Presentation on theme: "KI5 Who loses from Globalisation? MEDCs – the effects of deindustrialisation."— Presentation transcript:
KI5 Who loses from Globalisation? MEDCs – the effects of deindustrialisation.
Economic effects Rising unemployment. UK 3.4million lost jobs in manufacturing 1975-1995 Lost skills e.g. ‘metalbashing’ in West Midlands. Older workers not passing skills to next generation. Well paid traditional ‘skilled working’ jobs (replaced by lower paid, lower skilled work) Rising male unemployment rising female employment as a proportion of workforce eg s. Wales Valleys
Economic effects Long term unemployed Concentration of unemployment in manufacturing sector Regional differences (‘north’ / ‘south’ divide) Demultiplier effect
Demultiplier effect eg Ebbw Vale in south Wales 14,500 jobs in 1967 when nationalised. Closure of steelworks in 1978 and tinplate works in 2002 (780 jobs)
Demultiplier effect eg Ebbw Vale in south Wales 14,500 jobs in 1967 when nationalised. Closure of steelworks in 1978 and tinplate works in 2002 (780 jobs) Labour displacement Outmigration of people and decrease in spending power Unviability of services – schools, hospitals, local shops. Development of social problems Regional problems Intervention – WAG – ‘The Works’.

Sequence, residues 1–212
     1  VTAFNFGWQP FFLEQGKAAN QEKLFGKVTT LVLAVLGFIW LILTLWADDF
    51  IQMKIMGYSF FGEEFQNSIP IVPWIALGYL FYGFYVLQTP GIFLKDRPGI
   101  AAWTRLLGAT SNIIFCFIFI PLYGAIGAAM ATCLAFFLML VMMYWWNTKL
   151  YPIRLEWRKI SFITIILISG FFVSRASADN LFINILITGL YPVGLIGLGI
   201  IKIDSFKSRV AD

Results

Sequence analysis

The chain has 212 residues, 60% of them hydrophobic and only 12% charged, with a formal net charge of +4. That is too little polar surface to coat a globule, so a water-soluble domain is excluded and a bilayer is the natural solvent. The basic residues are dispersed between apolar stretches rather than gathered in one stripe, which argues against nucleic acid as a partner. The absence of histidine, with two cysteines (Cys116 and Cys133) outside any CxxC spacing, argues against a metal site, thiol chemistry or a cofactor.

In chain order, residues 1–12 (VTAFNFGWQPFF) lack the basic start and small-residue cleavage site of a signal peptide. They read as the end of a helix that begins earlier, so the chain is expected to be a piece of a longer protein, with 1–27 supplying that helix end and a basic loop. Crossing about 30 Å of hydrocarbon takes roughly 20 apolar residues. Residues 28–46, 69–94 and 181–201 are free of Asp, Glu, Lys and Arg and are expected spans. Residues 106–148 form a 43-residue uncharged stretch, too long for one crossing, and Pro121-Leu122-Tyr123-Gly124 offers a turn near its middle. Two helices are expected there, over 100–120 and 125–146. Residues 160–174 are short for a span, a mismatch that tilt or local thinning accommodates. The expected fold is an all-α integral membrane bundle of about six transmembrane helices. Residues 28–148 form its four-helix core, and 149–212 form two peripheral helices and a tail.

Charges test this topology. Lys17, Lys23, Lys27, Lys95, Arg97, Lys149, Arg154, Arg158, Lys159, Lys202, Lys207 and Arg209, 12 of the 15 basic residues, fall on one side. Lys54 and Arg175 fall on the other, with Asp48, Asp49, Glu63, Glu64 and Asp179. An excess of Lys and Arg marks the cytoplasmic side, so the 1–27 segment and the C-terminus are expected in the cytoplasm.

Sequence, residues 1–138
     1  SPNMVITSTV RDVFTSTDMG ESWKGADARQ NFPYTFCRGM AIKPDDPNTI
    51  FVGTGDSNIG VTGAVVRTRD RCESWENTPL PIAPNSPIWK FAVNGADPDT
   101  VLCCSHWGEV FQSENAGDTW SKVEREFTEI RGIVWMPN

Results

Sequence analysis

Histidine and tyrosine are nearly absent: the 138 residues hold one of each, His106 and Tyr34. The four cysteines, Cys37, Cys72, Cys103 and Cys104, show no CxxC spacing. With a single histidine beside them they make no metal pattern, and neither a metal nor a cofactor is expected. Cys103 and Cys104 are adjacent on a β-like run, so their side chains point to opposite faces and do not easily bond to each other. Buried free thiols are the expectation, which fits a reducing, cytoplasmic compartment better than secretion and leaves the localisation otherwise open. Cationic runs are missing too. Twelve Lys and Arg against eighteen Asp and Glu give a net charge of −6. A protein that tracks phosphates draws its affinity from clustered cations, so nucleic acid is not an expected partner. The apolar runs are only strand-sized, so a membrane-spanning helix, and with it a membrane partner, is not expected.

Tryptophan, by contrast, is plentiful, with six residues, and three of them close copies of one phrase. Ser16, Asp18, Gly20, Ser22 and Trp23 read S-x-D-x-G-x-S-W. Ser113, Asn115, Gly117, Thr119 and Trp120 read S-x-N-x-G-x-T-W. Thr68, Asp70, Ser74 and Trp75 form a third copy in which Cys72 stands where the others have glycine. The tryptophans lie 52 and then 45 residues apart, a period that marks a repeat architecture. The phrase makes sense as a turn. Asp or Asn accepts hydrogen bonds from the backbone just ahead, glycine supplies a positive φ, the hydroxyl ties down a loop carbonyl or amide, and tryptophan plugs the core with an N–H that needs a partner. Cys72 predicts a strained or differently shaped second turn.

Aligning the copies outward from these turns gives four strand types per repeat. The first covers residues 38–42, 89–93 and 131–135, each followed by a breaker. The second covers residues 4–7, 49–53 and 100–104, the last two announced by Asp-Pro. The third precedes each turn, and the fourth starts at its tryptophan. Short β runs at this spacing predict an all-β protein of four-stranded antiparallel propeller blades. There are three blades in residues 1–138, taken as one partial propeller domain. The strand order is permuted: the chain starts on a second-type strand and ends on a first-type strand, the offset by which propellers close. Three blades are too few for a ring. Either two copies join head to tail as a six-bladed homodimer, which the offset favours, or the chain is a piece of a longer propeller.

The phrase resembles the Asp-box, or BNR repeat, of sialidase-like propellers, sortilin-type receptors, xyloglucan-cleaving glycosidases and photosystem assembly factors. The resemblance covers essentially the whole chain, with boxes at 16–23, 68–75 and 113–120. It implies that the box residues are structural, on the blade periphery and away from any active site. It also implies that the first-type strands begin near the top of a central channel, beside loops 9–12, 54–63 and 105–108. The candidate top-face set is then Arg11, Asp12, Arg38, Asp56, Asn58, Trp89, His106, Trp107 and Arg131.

Social Effects Crime Violence Vice Health issues Depression Unhealthy lifestyle Particular impacts on some social groups … gender, age, minorities
Environmental Effects Derelict buildings – Ebbw Vale tinplate works, old mine buildings. Scarred landscapes – spoil heaps (Aberfan) Polluted waste land – Llandarcy oil refinery Inner city slums e.g. Cardiff Docks (Bay) and Swansea Docks – urban redevelopment sites.
POSITIVE EFFECTS of DEINDUSTRIALISATION Productivity increased – ‘leaner, fitter’ more competitive manufacturing sector Reindustrialisation – TNC inward investment from Japan, Taiwan and S. Korea. (1980s & 90s) Growth of small businesses Growing Tertiary sector “TERTIARISATION” – In 2000 75% UK labour force in tertiary and 20% in manufacturing. Social changes – more jobs for females, more part-time Rise of Quaternary sector (subset of Tertiary)– research and development, pharmaceutical, ICT– Science Parks e.g. Cambridge. Technium – Swansea SA1